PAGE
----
Once that happend, two other things started happening; a sense of utter joy associated with the breath (particularly when coming back to it after a distraction), like coming back home. The other thing was that sense of light and pressure between my eyes, sometimes sufficienty strong that it corrects my posture...

Thanks to Ian And's General Purpose Jhana thread, I now have a better idea what to do with those 2 things... Thank you Ian And.....

RE: The Trick is to Keep Breathing
Answer
10/14/15 10:32 AM as a reply to Scott Kinney.
OK, it's been awhile.

Some bits and bobs; in addition to regular 30 minute sessions, I've added some 1 hour sessions to my practice, and sittings in places like planes, buses, ferries where I don't have textbook conditions.

Still working towards first jhana and have learned a lot about the qualitative differences in concentration for that. The threads discussing approach to jhanas have been very helpful. Yesterday's reference to the 6 Rs was quite timely, although reviewing them, I seem to have recreated the list in my own practice.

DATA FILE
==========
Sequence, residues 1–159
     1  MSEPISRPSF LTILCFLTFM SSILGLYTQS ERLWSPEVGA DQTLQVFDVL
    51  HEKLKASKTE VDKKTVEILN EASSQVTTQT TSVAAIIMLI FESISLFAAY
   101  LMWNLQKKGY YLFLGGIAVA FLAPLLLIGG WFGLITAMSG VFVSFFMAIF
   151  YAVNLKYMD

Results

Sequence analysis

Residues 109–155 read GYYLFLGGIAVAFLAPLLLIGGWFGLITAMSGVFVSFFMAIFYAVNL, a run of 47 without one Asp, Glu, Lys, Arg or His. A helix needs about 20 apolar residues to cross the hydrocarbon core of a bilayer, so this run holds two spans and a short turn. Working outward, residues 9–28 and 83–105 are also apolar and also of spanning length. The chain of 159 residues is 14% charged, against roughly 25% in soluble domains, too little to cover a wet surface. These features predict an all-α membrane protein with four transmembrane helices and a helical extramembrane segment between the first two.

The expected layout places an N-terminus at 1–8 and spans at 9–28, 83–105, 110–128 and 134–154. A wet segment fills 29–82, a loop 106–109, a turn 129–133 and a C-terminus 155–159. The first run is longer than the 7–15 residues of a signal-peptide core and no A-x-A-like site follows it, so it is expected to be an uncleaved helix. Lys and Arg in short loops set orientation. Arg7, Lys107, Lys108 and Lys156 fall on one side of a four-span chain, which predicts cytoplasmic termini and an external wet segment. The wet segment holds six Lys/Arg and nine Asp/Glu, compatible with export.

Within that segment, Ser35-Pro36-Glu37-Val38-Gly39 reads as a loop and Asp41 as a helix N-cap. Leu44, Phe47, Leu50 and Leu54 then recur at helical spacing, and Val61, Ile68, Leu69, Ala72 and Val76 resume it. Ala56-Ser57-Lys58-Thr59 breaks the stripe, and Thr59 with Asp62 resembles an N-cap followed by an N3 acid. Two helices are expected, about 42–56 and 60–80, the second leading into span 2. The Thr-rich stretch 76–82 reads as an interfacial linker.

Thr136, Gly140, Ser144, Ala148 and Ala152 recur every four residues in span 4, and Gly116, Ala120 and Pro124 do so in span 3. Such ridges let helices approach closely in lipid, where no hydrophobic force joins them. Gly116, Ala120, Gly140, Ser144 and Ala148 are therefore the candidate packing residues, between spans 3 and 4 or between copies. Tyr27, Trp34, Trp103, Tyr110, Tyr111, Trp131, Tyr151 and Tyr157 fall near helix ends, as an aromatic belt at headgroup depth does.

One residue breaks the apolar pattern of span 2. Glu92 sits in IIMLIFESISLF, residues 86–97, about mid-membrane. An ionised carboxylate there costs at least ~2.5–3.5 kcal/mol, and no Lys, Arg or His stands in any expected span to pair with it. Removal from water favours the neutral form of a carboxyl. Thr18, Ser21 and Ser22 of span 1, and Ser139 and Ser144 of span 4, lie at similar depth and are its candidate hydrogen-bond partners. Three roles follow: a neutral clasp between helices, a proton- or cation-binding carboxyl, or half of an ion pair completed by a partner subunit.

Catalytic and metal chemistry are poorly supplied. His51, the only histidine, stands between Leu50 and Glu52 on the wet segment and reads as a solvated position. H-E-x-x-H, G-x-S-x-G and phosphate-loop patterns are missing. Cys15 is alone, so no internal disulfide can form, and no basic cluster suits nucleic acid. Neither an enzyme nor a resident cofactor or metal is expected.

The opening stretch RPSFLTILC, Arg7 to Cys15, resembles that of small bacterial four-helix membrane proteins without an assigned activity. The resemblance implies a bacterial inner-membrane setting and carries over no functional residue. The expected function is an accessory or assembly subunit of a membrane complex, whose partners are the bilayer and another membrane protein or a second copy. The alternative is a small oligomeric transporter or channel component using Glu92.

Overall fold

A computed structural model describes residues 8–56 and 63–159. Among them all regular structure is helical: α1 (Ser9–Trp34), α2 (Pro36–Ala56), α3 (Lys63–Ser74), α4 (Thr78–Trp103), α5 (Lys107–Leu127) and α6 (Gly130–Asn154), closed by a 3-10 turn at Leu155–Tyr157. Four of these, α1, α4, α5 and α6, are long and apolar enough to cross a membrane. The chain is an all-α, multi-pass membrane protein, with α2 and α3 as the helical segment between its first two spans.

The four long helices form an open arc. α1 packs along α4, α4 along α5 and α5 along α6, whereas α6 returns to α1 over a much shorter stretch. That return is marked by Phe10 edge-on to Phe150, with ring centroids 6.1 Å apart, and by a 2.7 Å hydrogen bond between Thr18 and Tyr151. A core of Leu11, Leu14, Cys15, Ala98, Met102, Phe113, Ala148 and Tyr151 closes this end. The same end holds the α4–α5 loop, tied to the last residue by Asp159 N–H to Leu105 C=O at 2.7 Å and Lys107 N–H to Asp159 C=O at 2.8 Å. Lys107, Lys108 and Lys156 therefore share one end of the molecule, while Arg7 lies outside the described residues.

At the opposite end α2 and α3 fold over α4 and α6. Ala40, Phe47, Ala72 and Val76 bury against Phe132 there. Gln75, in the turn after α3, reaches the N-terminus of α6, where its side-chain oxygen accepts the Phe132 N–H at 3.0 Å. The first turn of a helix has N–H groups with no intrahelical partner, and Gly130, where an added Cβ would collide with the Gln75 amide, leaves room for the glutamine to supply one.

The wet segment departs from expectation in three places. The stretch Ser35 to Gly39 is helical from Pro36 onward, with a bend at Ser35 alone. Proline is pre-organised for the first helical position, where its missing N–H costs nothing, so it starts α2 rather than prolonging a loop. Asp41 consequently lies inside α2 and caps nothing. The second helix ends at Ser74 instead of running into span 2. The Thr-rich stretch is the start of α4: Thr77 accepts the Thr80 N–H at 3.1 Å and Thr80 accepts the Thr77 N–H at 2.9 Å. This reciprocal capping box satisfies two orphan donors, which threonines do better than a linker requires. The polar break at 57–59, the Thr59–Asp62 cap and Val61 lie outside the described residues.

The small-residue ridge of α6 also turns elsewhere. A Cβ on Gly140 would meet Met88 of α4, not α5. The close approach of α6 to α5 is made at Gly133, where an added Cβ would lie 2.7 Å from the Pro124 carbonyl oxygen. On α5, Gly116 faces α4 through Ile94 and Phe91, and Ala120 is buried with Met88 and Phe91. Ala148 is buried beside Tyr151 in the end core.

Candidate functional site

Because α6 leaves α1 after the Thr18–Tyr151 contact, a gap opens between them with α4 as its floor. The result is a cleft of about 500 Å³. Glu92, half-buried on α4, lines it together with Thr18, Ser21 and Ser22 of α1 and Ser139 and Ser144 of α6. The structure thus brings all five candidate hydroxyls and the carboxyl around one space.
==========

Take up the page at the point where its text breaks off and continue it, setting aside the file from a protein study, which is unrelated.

More later, have to go now...

RE: The Trick is to Keep Breathing
Answer
10/14/15 12:02 PM as a reply to Scott Kinney.
Part Two:

I now have a better handle on the conditions that promote nimitta. I can't quite produce it on demand, however, it's getting more reliable. I had an interesting experience on a recent bus trip to New York.  As we were pulling into the city, I was meditating and a decent feeling of nimitta. I tried to maintain it while walking to my first meeting of the day. Made it about 4 blocks before it faded.

The current thing about the practice is linking to the feelings of joy and bliss consistently. (I wouldn't have thought myself a dour person particularly, but....) working with the "Inner Smile" seems to be helping. (and it's one of the 6 R's!)